Tilly looks over the CTP list on her padd at her desk, while May sits on Tilly’s bed and talks to her. Tilly tries to ignore May as she brushes her hair in the bathroom mirror, and argues with May about the meaning of the visions of her. May tells her that she is sane, she’ll go away but she just needs the help of a “courageous genius.”
“Light and Shadows”
Extended scene of Burnham talking with Amanda about needing to help Spock at the Sarek house.
Cornwell implies that she got the intel about the Section 31 base from outside Starfleet.
“The Red Angel”
A sweeping shot of Pike talking with Culber about still finding his feet, but that there’s a job for him: testing Burnham to see if she’s the Red Angel.
“Through the Valley of Shadows”
Tyler, Burnham, and Spock share an awkward turbolift ride to the ready room.
An unfinished VFX shot of the D7 decloaking and L’Rell beaming aboard the Discovery. L’Rell notes that the last time she was aboard the ship she was a prisoner.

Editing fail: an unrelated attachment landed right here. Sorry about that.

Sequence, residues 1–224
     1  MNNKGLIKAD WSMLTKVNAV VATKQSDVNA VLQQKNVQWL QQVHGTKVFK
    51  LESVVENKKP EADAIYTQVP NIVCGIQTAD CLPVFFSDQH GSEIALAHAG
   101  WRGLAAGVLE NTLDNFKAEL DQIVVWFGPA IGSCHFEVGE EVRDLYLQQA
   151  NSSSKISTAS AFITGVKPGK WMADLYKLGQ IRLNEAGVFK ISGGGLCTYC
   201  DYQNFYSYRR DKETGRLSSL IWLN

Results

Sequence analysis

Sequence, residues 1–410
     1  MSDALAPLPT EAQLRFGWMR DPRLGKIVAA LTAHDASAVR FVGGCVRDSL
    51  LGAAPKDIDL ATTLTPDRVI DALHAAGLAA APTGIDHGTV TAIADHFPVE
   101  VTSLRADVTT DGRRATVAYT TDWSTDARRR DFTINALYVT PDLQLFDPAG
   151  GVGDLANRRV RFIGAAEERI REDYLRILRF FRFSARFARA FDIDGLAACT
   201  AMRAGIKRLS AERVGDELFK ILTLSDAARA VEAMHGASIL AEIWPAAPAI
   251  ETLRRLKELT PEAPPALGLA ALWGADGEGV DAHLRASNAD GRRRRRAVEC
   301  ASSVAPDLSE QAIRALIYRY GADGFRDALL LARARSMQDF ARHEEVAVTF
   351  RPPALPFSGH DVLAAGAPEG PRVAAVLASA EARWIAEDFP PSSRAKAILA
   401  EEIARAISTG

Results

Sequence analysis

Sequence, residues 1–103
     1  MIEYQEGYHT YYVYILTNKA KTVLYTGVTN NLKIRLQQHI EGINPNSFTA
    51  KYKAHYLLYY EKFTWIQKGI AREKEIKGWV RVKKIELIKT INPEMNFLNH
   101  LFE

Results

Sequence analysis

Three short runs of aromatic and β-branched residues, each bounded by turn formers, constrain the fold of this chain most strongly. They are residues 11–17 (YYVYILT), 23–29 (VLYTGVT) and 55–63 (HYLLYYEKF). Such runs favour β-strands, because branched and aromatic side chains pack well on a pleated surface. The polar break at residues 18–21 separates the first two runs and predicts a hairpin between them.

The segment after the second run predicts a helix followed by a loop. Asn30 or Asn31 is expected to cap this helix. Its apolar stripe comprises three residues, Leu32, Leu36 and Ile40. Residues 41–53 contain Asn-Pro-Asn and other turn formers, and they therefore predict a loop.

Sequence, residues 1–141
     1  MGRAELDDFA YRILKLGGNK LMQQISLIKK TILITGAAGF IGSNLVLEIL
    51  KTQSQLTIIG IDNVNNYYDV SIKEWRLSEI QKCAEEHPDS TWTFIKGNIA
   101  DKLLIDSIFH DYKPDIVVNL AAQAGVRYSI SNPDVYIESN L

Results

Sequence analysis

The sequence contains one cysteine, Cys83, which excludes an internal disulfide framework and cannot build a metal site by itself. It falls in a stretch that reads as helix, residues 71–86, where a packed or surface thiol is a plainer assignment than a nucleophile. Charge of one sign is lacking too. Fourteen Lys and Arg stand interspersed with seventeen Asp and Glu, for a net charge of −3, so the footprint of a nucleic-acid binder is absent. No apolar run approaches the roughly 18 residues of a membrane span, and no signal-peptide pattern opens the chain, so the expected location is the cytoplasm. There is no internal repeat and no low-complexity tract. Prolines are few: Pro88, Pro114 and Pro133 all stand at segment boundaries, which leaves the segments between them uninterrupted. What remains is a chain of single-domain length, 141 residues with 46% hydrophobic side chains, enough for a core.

Stamets, Nilsson, and Reno discuss if they could make a synthetic time crystal. Reno calls out Paul and tells him to focus, Stamets is still thrown by seeing Culber in the mess hall pass him by earlier in the day, he takes a break to clear his head, and Reno says she’s going to run an errand (to go see Culber with her “injured” finger as in the final version).
Tenavik tells Pike more about how the monks must have faith in the time crystals, and that they devote their entire lives to the crystals.
Tyler and L’Rell have an extended conversation about their son and his choice to continue to support Section 31. They agree that they should “always go forward.” A nice sign-off for the two characters as the camera pulls out from them looking out a window on the Discovery and into space.
“Such Sweet Sorrow”
Georgiou and Stamets have a quick aside that sets up her use of the spore cube to detain Leland later on.
Spock and Burnham have a discussion on the bridge about both of them going to the future and what that would mean to Sarek and Amanda.
“Such Sweet Sorrow, Part 2”